Pigtronix Disnortion Micro review

Big-name distortion gets the shrunken treatment and yet sounds even bigger…

  • £159
  • €148
  • $129

MusicRadar Verdict

A pocket-sized distortion powerhouse with more options than you’d expect in a box of this size.


  • +

    Nice dynamic response.

  • +

    Parallel and serial blends offer plenty of sonic variation.

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We recently looked at the micro version of Pigtronix’s Philosopher’s Tone compressor, which condensed the original’s essentials into a practical footprint for modern ’boards. 

Now the company has done the same for its Disnortion, a large three-footswitch pedal that Pigtronix says remains in constant use with the likes of Queens Of The Stone Age, Aerosmith, Living Colour and Muse. 

So, will its micro-sized sibling have enough of the original mojo to hold its own in such illustrious circles? It continues the 18-volt headroom achieved by an internal converter from the nine-volt input, but where the original had three independent effects, this version loses the octaver and retains the fuzz and overdrive - both are now called up by a single footswitch.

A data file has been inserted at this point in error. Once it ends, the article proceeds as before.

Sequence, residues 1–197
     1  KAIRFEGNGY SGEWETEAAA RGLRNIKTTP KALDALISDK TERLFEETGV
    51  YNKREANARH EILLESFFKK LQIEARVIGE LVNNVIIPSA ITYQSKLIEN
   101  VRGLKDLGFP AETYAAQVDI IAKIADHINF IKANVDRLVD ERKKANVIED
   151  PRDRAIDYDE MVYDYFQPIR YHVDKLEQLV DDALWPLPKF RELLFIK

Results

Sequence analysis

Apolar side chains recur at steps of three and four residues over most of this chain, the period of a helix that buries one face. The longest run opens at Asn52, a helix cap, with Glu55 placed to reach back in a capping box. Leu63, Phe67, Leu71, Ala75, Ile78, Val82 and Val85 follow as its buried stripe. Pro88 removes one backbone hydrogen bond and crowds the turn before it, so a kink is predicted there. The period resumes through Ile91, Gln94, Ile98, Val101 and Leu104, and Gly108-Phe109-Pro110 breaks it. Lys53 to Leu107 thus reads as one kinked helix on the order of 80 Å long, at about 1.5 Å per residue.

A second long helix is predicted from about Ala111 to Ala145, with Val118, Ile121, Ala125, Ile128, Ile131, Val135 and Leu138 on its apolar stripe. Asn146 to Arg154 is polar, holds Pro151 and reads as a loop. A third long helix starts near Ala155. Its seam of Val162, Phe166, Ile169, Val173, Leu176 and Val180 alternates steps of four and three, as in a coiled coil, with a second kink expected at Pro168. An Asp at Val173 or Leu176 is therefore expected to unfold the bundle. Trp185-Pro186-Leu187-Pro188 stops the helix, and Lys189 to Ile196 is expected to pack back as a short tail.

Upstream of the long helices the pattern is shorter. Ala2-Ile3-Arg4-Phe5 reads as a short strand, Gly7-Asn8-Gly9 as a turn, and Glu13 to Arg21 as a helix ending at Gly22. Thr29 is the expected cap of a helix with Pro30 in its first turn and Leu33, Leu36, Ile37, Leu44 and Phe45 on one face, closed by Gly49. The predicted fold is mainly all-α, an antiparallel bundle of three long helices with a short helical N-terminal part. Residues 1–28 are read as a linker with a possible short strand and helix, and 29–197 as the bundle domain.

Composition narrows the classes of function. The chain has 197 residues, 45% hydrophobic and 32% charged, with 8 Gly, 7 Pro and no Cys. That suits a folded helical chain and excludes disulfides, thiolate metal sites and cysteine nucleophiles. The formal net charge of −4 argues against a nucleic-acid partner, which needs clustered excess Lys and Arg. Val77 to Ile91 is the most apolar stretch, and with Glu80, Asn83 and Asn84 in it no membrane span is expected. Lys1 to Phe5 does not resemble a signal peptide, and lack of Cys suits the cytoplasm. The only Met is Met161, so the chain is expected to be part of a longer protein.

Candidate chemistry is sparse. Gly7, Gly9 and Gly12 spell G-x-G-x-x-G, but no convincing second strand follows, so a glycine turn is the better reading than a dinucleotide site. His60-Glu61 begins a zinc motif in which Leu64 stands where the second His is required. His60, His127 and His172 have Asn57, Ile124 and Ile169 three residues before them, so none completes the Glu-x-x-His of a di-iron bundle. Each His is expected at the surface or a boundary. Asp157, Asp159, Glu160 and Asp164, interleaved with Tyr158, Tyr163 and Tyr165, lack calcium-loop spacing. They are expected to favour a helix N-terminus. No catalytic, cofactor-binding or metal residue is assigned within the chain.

There’s a new feature, too: where the original fuzz and overdrive worked in parallel, this version also gives you the option of running the two serially with the six-stage CMOS overdrive circuit preceding the diode-clipping fuzz.  


The pedal has knobs to set the Gain and Output volume, plus a Drive Tone knob to tone down the overdrive’s top-end via a low-pass filter. There’s more radical tone shaping in the form of the six-way Fuzz Shape rotary switch, which follows the fuzz circuitry. This is actually a passive filter network providing a choice of six EQ curves. 

Selecting Parallel mode summons the more conservative side of the pedal. You get a blend of fuzz and overdrive, though it’s more overdrive in nature and has a range from clean boost, through really effective gritty just-breaking-up sounds, to a raunchy natural distortion with a crisp fuzzy edge and individual string clarity. 

The Fuzz Shape filter has some effect here in shaping the tonal balance with various midrange tweaks, but it’s in Serial mode that you really hear it working. Here, the Gain knob piles on wads of distortion and the nature of the fuzz makes its influence felt: if you like your fuzz/distortion on the edgy/nasty side, the Treble and Mid Scoop settings are the way to go, but all the settings offer a refreshing alternative from single-sound distortion pedals. 

Trevor Curwen has played guitar for several decades – he's also mimed it on the UK's Top of the Pops. Much of his working life, though, has been spent behind the mixing desk, during which time he has built up a solid collection of the guitars, amps and pedals needed to cover just about any studio session. He writes pedal reviews for Guitarist and has contributed to Total Guitar, MusicRadar and Future Music among others.